For 2003, we expect five to ten percent higher machinery and engine sales in North America as a result of an improving economy and very low interest rates. The currency effect of the strong euro in Europe Africa and the Middle East is expected to boost machinery and engine sales by about ten percent. Led by China, we expect fifteen to twenty percent higher machinery and engine sales in Asia/Pacific for 2003. Machinery and engine sales are expected to decline by approximately ten percent in Latin America as a result of continuing economic growth well below trend.

In total, we now expect 2003 machinery and engine sales to be up about ten percent. The favorable effect of volume is expected to contribute about half of this sales increase with a third coming from the impact of currency, and the balance coming from revenue yield including emissions.

We are continuing to project NAFTA heavy-duty truck industry demand for 2003 at one hundred and forty thousand units to one hundred and sixty thousand units with increasing confidence that industry demand will be at the high end of this range. Our forecast for NAFTA midrange truck and specialty and urban bus industry is one hundred and forty-five thousand units.

Profit should be in the range of two dollars and seventy-five cents to two dollars and ninety cents per share. Full details of the outlook for 2003, including other assumptions, are contained in the company's press release issued today.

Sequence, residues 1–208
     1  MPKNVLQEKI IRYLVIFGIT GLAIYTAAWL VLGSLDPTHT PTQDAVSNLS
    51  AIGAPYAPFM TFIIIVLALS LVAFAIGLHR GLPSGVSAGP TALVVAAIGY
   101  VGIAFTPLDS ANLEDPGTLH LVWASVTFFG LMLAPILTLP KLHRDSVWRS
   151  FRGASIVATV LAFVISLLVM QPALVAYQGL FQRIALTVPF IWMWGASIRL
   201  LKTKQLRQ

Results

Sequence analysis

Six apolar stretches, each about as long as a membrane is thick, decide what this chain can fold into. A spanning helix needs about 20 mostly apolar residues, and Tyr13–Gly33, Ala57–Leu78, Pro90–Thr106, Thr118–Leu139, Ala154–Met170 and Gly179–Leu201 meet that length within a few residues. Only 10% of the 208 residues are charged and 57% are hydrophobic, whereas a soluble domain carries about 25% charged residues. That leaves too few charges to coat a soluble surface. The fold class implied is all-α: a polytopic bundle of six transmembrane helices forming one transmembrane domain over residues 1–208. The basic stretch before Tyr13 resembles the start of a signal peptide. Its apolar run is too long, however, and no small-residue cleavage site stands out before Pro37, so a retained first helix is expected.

Included in the Outlook is a pretax charge of fifty-five million dollars (forty million dollars after tax) for early retirement of our two hundred and fifty million dollar six percent debentures due in 2007. We will call these debentures, which were issued at a significant original issue discount and have an effective annual interest of thirteen point three percent, during the third quarter. The charge reflects accelerated recognition of the unamortized original issue discount. The redemption allows Caterpillar to retire high-interest outstanding debt using available cash or low-interest commercial paper, or both. Future years' earnings will benefit by the cessation of the original issue discount amortization expense and the six percent coupon interest rate.